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THE PACIFIC COMMERCIAL; ADVERTISER, HONOLULU. JUNE 15, 1906.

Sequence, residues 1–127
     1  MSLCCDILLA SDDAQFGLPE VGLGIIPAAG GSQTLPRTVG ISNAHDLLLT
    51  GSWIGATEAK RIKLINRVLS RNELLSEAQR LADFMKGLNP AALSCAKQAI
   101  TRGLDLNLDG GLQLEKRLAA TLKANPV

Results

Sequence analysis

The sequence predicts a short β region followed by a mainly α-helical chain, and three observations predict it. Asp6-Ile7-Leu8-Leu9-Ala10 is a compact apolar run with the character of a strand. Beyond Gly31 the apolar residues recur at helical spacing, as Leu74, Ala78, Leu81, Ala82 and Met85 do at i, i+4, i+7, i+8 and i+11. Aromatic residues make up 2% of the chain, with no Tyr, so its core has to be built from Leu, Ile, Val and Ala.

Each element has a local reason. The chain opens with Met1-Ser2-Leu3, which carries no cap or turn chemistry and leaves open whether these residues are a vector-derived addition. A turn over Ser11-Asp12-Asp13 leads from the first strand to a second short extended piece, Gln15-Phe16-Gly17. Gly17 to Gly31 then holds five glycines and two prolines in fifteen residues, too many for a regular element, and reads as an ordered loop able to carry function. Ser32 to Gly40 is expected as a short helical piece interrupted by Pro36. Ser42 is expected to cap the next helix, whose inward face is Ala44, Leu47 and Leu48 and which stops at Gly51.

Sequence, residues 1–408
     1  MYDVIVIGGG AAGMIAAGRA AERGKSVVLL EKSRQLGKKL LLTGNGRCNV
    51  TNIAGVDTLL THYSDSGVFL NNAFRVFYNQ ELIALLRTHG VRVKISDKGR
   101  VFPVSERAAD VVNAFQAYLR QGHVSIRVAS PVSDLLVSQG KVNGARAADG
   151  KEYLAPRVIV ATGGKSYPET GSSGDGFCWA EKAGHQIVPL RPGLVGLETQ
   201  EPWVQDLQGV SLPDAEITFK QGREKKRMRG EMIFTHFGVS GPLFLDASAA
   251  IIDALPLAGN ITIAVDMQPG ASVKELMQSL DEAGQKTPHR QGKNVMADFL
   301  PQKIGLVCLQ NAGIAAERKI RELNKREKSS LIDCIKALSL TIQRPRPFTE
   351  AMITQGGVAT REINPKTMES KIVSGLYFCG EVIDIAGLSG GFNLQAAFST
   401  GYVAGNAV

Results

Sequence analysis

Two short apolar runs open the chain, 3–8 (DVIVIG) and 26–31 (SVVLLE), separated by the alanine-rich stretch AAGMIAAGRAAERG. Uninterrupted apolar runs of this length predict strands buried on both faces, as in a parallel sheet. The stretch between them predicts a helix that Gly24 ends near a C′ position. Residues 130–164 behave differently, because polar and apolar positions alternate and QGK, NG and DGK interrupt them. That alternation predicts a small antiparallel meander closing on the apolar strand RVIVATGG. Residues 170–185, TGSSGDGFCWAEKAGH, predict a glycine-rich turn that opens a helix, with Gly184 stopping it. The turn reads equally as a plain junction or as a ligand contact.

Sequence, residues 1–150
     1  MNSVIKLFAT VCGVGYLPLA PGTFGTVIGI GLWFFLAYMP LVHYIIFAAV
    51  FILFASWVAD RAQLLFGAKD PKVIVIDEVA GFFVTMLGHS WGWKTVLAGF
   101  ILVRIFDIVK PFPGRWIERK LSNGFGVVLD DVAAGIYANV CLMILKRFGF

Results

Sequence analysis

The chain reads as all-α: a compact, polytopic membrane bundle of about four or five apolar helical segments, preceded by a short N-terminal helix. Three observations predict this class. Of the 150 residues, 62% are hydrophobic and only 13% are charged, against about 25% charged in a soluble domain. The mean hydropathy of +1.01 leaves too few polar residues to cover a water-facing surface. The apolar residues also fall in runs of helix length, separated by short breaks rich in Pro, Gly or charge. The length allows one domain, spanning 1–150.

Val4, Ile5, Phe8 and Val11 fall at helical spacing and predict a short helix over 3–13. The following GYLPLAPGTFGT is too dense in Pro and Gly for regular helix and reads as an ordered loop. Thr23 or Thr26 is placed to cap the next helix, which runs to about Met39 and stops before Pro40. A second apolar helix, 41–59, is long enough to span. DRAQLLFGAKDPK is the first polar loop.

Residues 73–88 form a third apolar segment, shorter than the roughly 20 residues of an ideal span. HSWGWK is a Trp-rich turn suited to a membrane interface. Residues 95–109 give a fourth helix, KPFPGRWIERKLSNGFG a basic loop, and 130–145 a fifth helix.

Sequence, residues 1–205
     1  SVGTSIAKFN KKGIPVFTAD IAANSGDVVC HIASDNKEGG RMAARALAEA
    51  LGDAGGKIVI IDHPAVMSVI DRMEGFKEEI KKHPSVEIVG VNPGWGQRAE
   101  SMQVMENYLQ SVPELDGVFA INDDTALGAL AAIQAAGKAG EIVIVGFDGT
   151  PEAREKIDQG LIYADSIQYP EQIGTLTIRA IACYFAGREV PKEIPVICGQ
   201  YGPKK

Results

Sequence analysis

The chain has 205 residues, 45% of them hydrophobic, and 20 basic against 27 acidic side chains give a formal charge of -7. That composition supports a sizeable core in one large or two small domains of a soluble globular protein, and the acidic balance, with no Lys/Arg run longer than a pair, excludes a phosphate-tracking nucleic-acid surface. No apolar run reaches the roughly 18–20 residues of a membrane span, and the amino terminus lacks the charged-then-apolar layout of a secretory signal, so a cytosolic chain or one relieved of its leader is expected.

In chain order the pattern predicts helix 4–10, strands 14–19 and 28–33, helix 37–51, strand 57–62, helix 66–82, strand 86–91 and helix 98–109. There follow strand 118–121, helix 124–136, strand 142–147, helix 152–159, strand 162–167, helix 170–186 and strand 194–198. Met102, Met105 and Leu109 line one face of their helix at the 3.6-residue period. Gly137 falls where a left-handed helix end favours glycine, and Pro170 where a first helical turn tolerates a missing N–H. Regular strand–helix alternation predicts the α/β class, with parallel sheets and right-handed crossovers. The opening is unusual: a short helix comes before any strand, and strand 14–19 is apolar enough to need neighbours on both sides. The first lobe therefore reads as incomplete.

PUSHING FOR oooooo&o ooeaocoo09ooeoo One Gl Our S P fUrf B tf 3 B ! I k N B i B It if I 1! H aa rf hj v WAH AWA I TTTTTT 1 dim j n 11 K: 1 ' " i i is- U We have just completed arrangements with one of the largest and most reliable "Merchant Tailoring" establishments in the United States, by which we are prepared to take your orders for suits, trousers, etc. We have now on hand and ready for inspection, 500 samples of woolens, from which to select. J Your measurement will be carefully and properly taken, and the garment delivered within a very reasonable time. The large line of patterns which we show, reduces to a minimum the possibility of meeting every other man wearing a suit of similar design to yours. We will make any style of suit for you from "Full Dress" to a Golf Outfit. For those who are unable to spare the time required to have their garments made up, we have on hand the biggest and best stock of the famous "Stein Bloch" ready-to-wear clothing that we have ever carried. 1 We have also added a handsome line of the famous Paragon Trousers in outin and business patterns. It is only a pleasure to us to show you what we have; your inspection is invited M. Mclneray, Lt nr afflLI (US BIND . YCI HJII 15 Pa Foolish, people throw away their magazines after reading them, wise people bring them to us to be bound. Have you ever thought about those you have stowed away in the back room ? Bring them to us, they are full of the records of history-making citizens of the world. Our charges per volumejdepends upon the character of the materials used. The following list will aid you in selecting the sort you want; PER VOLUME. In full cloth $150 In full canvas i 1-5C One half Roan......... One half Russia.. 1.75 One half sheep 2.00 One half Morocco 3.09 Full Morocco .. 5.00 Full Russia 2.50 In lots of six volumes we will pay steamer freight from the other! islands to Honolulu. Send a sample order with instructions as to style of binding and lettering for the back. the Hawaiian Gazette Co., Ltd. King Street, Honolulu Road-Building Is Going Ahead at Good Speed. Five and a half miles from Waipahu railroad station and only five miles from Wahiawa, the "Pineapple Pla teau, a construction gang of the Oahu Railroad was working yesterday with might and main to bridge a chasm so that the locomotive on the Waipahu side could cross and leave more new steel rails and ties with which to carry the line on to the pineapple district. Ten days from tomorrow that same gang win be laying the last rails a Wahiawa and then freight cars from Honolulu laden with cans and con tamers, boxes ana much other mer chandise will be carried over the line nd left at Wahiawa for the planters who are now ready to harvest their pines and ship them to all parts of the world The work of the construction gangs at the farthest end of the railway line so far completed toward Wahiawa is an object lesson in fast, sure and gen uine work. There are no laggards there and every moment of the day is devoted to activity. "Forward" is the watchword, and those in charge of the work set an example by perform ing labor with their own hands as well as directing it. After many vexatious delays the work of laying track began a few weeks ago, after the arrival of the ship George Curtis from San Francisco. The rails were originally shipped in the bark Gerard C. Tobey which put back to San Francisco dismasted. They were transferred to the Curtis, which was damaged in a collision off the -Faral-lones and was forced to return to San Francisco for repairs. The connecting point for the Wahi awa branch will be at Waipahu sta tion. The station has a pretty setting of cocoanut trees and .a-group of quaint Chinese and Japanese stores nearby, while all about are fields of rice and sugar cane. A spur runs up to the mill of the Waipahu plantation and there the Wahiawa line parallels the plantation railway. In order that trains will not have to De dispatched in reversed order a Y is being constructed between Waipahu station and the plan tation. ' The Wahiawa line then leaves the plantation mill, going through a portion of the sugar lands and after rounding a bald, rocky, towering point, swings into Waikakalaua gulch. A pumping sta tion for the plantation is encountered just after rounding the point. A great pipe leading from the station crosses above the track on high stone piers and climbs the hill to the main sugar , i . .. . . . . . i F 0 We have built our reputation largely on our lace and em broidery sales. This is the first in our new store and will be a little better than any other. Two cases of embroideries have just been. received and will be sold at greatly reduced prices. Swiss and Nainsook embroidery, with edgings and insertions to match, at ioc a yard upward. Also a big line of all-over embroideries and laces at greatly reduced prices. Ladies' turn-over collars half-price this week. Everything attractively displayed on our counters. HfP If fSTUX MODEL BLOCK. flJ? J i ft - FORT STREET. 00KK 00000Oo Hold Fast to Health by eating good bread. The best bread is made with GOLD EN GATE FLOUR, a strictly high-class product, abound ing in gluten and other muscle-building and nutritive qual ities. There is room for no compromise in the matter of bread. Its quality must be unimpeachable. Good bread cannot be made with anterior our. ackfeld & Co., Ltd. DISTRIBUTORS. IF YOU WANT GOOD SERVANTS lease enquire at our office. Our motto is punctuality and probity, JAPANESE HOTELS UNION. EMPLOYMENT OFFICE KING STREET NEAR MAUNAKEA. Telephone Main 285. - - p. Q. Box 857. Cooks, Waiters, Garden Boys. and all kinds of laborers are waiting for jobs We will promptly attend to all orders. JAPANESE NEW HOTEL - KEEPERS ASSOCIATION LABOR OFFICE Nuuanu Street near Pauahi - Phone Main 744. ooooooe oooooooooeooooo ooeoKoocoooo 0 s Pam Ice Cream and Lunch Parlors Gandy Made Fresh Daily By White Labor Only I Chocolate Creams. Cream Wafers and a large variety of home-made 4 French Stick and Taffey. (Late Miller's.) 116 HOTEL. ST., NEAR FORT. LUDWIGSON & JUNGCLAUS, - - - - Proprietors. ead the Advertiser XWorld's News Daily. TREASURE-LADEN BURROS IxOSI The American owners of the Guada lupe de los Reyes mines, situated in the Slate of Sinaloa, are still mourning the loss of $100,000 of gold and silver bullion which was lost several months ago in a remarkable manner. The train of donkeys, loaded with bullion, was on its way to Mazatlan, at which point the precious cargoes were to be shipped to San Francisco by water. The animals were going along a nar v trail bordering high above the Piaxtia River, when the roadway, softened by the rains, suddenly caved into the "river, the animals and bullion and a number of Mexican drivers dis appearing in the current. As soon as the news of the heavy loss reached the owners of the mines, a large force of men was sent out to search for the treasure, a search that has been in progress for some time, but not a single bar of the bullion has been recovered. It is supposed that the animals with their freight swept down the river into the Pacific Ocean. The hunt for the bullion is still on, and a group of employes of the mines are pa trolling the river day and night for a distance of more than a hundred miles, to keep outsiders from searching and getting away with the treasure. San Francisco Chronicle. lands where the water is distributed over thousands of acres of canefields. For nearly a mile the track passes through sugar cane and the scene is one of marked beauty. The line hugs close to the Waialua side of the gulch and there is an everchanging vista. The canyon is picturesque, especially where the sugar cane is encountered. Then farther up, where apparently lit tle water ever drenehea the hillsides, the scenery is more cf bold, rocky slopes covered with dried vegetation, principally lantana. The road follows the curve of the hillsides. In some places great headlands have been blown away with powder and the rails pass almost beneath beetling crags of igne ous rock, which shows the formation of the mountain in the various stages of volcanic eruptions ages ago. Now and then culverts are crossed, all of which are nicely walled up with hewn stones. Then the road passes over high fills and then through deep cuts. Some of the cuts have been hewn through almost solid rock, others through a clayish formation which is more readily pierced. Three long bridges have been necessary thus far, and only three bridges have been con structed. The construction gangs are now engaged on the fourth. A. A. Wilson, is the contractor for the roadbed and his work is being push ed forward with lunas J. Cullins, Jr. and James Crane in charge. The dirt 0 0 0 z - o 10 z 4- I ror me winning racni! 4- The trophies to be won in the yacht race are fine and dandy, all right, but the most precious prize to those thirsty yachtsmen will be a 10-gallon keg of m I PRIMO BEER f They'll be mightily surprised to find better beer made here than on the mainland! J oeoc ooeooooo 0009 00 ooooooooooooooo to the next frame and so on to the last. In an hour's time a walk was laid across the eleven frames and by 1 o'clock all the timbers were in place ready for spiking down. Today ties will be laid on and the steel rails upon them. It is all quick work and is done under the able direction of Superin tendent Denison and Yardmaster Pe trie. The Japs fairly jump at the com mands of "Huki," "Pii mai," "Usha' and '"What the 's the matter with you." And so on. Superintendent Denison and Yard master Petrie have a novel method of and finished altogether. They are half-spiked." That is, the rails have been spiked to every other tie. A gang will go back shortly and spike in between and tamp in the roadbed an. I level up the track, round out the curves and make it perfect. The construction locomotive and cars go over the road now and there is no danger, but all danger will be eliminat ed when the spikers are entirely finish ed. The trip to Wahiawa will be a novel ty. It takes the traveler away from scenes with which he Is familiar and carries him through scenes whi:h may remind him of other places, Colorado for instance. The road passes through the long, winding Waikakalaua gulch for more than hnlf its way to Wahi awa. At Wahiawa the traveler may see what may in time be the greatest pineapple plantations in the world. laving rails, and so far as Superinten- is flying fast with pick aand shovel far dent Denison knows it is not employed ahead of the construction-car, and eSewhere. This is a matter of surprise sometimes not three hundred feet to nim tnat hjs method of handling the ahead a big powder blast sends show- 4.-,-rKund rails (45 pounds to the yard) ers of split stones into the air. En- should be employed away out in the gineer Taylor calmly removes his sur- middle of the Pacific, vey instrument when the rock showers Tne construction flat-car is rigged come and tnen as caimiy goes oacK to witn a cross beam upon two uprights, The? are extensive todav and qre the work. Dooging stones is one of his ac- ami from this a long boom fitted with greatest perhaps when quality is tak- complishments. rollers is swung out ahead of the car. en jnto consideration. The Wahiawa The construction car on Wednesday, The outer end is free to swing as those pineapple is acquiring a wide reputa- was pushed forward through a clay cut jn control of it direct. Rollers on the Jion both tj,e pine as it is taken from, to the edge of the chasm where bridge s5i3eg of the car permit the rails to be the piant and the fruit as it is found Xo. 4 is being completed. The car bore ron.ed along on the boom-rollers. When in Cans. the eleven frames which were to be free cf the car the rail is lowered to So great has become the pineapple raised upon the concrete and stone the sid intended for it, and it is rHnninE. industry that a can factory ha "How dare you laugh at our investi gation?" said the irate statesman. "Thought it was the proper thing to do," answered the financier. "Was told it would be a farce." Washington Star. piers in the bottom of the bed of the stream. One by one they were lowered down, the engine assisting in this work. Then the engine was brought into re quisition agiin to elevate the frames upon their piers. By evening the frames were up. Yesterday morning the car was ready at the edge of the chasm with the great 4xlfi-inch x 32-foot stringers. A cant hook raised a marked timber which was found to be prepared for the fur ther end of the bridge. A roller was plac ed under it. the Japanese shoved it swung down easily and exactly, the inner end swinging between the fish plates protruding from the rail last laid down. All that is necessary is to shift the rail this way or that and the spik ers immediately clamp the steel to the ties. With this quick method the car is misnea aneaa rapiuij. uno inne - , little doubt but that Superintendent ' T nison's forec ast will come true f that tha locomotive will be in the; midst of Wahiawa's pineapple planta tions on June 26. All the bridge frames and other sawn been established near the Oahu railway depot and already operatives are turn ing out great heaps of cans. Thf will be conveyed to Wahiawa and the fruit placed in them, labeled and ex ported to the mainland and even to Europe. MEDICINK THAT WII.T. CURB CHRONIC DIARRHOEA. Chamberlain's Colic, Choler.i and Diarrhoea Remedy is the most, success ful medicine In the -?r!.i for bo-.v I along and the outer end fell at the timbers are prepared at the yards of complaints, and is the only remedy mnuth of the chasm. Other Japs held tne oahu Railway in Honolulu. Rails that will cure chronic diarrhoea. Every the end aloft and it was finally low- for curves are bent there also and so bottle is warranted. For sale by ered to the first frame and on top of far everything has been a good fit. Of Benson, Smith & Co., Ltd., agents for a roller. It was sent over the chasm courSe, the rails are not spiked down Hawaii.